Palabras clave:
Hierro
Anemia
Diálisis
Enfermedad renal crónica
Insuficiencia cardiaca
Full Text
Introduction

Intravenous (IV) iron supplementation is nearly universal in hemodialysis and is widely used in non-dialysis chronic kidney disease (CKD).1,2

More recently, IV iron has been increasingly used in chronic heart failure (HF), as new evidence has suggested clinical benefit of iron-repletion.

CKD and HF are commonly coexistent conditions and both share common risk factors and comorbidities.3 However, there are some important differences worth noting.

Iron in heart failure

Myocardial iron content has been shown to be lower in HF, measured by magnetic resonance imaging (MRI)4 as well as in samples of left ventricle of the human heart.5 The role of iron in keeping the normal activity of key enzymes in the mitochondria has been invoked as a potential, although speculative explanation for the symptomatic benefit of iron administration in this setting.5,6

Administration of intravenous (IV) iron in patients with HF is becoming a common clinical practice as recent studies have been published showing promising results with this approach.7–9 Indeed, the idea of treating anemia in these patients to improve outcomes is not new. Anemia and HF share common symptoms, such as fatigue, breathlessness and reduced functional capacity. The coexistence of both conditions exacerbates disability and contributes to poor clinical prognosis.10

The first trials addressing anemia treatment in HF were designed with erythropoietin stimulating agents (ESA's).11–14 Significant improvements in hemoglobin concentration, left ventricular ejection fraction and New York Heart Association (NYHA) functional classes were found. When hard endpoints, such as mortality and hospitalizations were analyzed in a large randomized, double-blind trial with darbepoetin-alfa (RED-HF), it ended in disappointment, as it did not show any benefit, but increased the risk of thromboembolic events and ischemic stroke.15,16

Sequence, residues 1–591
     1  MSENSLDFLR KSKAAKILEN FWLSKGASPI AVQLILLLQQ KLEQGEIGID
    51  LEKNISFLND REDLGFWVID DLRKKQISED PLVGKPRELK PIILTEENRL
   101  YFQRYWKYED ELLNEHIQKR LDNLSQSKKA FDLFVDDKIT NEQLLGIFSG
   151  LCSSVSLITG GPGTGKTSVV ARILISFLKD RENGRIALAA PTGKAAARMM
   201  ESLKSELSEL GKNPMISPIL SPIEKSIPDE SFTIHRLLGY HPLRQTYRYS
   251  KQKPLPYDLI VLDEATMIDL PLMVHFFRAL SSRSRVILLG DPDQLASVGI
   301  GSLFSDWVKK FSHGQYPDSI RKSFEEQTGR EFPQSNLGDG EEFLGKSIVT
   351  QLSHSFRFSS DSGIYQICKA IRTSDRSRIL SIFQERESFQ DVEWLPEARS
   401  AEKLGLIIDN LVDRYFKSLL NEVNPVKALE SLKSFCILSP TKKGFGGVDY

Similar results had been found in randomized clinical trials (RCT's) with the use of ESA's in CKD.17–19

However, as the first trials in cardiac failure used concomitant IV iron and ESA's, the idea that iron could play a beneficial role in HF has been reconsidered.

Initial randomized trials with a small number of HF patients20,21 indicated clinical improvement in isolated iron sucrose administration. Subsequent larger trials used ferric carboxymaltose. These have shown significant symptomatic improvement in the treated group, measured by Patient Global Assessment (PGA) score or exercise capacity (six-minute walk test (6MWT), peak oxygen consumption7,9) ultimately leading to improvement in the NYHA functional scale. Taking FAIR-HF (Ferric Carboxymaltose in Patients with Heart Failure and Iron Deficiency),8 a placebo double-blind randomized trial with 459 patients, roughly 50% patients in the treated group showed improvement (PGA score, NYHA class and 6MWT) compared to 30% in the placebo group (who received saline). These results were replicated in other clinical trials, such as CONFIRM-HF (Beneficial effects of long-term intravenous iron therapy with ferric carboxymaltose in patients with symptomatic heart failure and iron deficiency)7 and EFFECT-HF (Effect of Ferric Carboxymaltose on Exercise. Capacity in Patients With Iron Deficiency and Chronic Heart Failure).9